Undoubtedly, the record reveals that Father and Mother each made poor decisions on May 18, 2013, which resulted in both parents being temporarily unavailable to care for their children, prompting DCS to file its petition. However, " [a] CHINS finding should consider the family's condition not just when the case was filed, but also when it is heard." S.D., 2 N.E.3d 1283, 2014 WL 553475, at *6. By the time of the factfinding hearing, we cannot say that the evidence demonstrated that Father and Mother were in need of the court's coercive intervention to appropriately provide for L.W. and J.W. Father already had an appointment scheduled and was actively pursuing mental-health treatment for himself, and both children were continuing to receive mental-health treatment and therapy that the parents had in place well before DCS's involvement with the family. Father and Mother appear to be making reasonable efforts to provide for the mental health of all involved. This is something for which we should applaud them rather than condemn them through coercive action. See In re R.S., 987 N.E.2d 155, 159 (Ind.Ct.App. 2013). Simply put, DCS failed to meet its burden of demonstrating that coercive intervention of the court was necessary. The trial court's conclusion to the contrary is clearly erroneous. When coercion is not necessary, the State may not intrude into a family's life. S.D., 2 N.E.3d 1283, 2014 WL 333475, *7. We therefore reverse the trial court's judgment that L.W. and J.W. were CHINS.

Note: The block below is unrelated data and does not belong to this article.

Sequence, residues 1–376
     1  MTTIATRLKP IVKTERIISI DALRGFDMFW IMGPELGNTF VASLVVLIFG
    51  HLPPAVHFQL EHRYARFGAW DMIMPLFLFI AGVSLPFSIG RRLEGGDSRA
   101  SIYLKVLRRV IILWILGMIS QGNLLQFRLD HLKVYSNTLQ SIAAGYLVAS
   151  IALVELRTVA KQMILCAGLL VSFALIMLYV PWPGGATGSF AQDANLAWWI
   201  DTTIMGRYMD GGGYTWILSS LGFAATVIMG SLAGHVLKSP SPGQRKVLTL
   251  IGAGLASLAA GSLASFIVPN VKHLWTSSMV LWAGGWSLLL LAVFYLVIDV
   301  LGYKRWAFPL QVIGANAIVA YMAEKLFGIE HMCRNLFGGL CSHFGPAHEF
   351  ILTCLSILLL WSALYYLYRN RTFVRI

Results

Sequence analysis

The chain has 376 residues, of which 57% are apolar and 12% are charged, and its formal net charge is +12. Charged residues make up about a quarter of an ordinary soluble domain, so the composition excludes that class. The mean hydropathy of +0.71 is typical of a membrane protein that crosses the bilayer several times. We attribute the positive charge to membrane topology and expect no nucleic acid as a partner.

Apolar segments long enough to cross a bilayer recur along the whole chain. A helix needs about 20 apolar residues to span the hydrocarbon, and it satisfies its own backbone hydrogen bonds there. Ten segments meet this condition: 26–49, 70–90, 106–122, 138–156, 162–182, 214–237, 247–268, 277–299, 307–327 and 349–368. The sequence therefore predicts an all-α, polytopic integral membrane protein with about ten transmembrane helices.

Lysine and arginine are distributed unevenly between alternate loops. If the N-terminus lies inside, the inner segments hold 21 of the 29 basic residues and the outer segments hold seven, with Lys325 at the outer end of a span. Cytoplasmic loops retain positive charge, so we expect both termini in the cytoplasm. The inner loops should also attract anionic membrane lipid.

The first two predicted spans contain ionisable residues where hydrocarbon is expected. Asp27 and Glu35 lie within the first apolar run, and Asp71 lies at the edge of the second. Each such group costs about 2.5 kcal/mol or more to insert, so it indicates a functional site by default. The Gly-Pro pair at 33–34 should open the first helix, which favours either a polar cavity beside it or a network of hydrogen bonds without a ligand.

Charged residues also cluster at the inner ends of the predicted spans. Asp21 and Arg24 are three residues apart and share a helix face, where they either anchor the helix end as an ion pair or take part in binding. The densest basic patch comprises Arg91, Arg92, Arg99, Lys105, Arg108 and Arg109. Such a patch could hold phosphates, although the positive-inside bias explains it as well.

BAKER, J., and NAJAM, J., concur.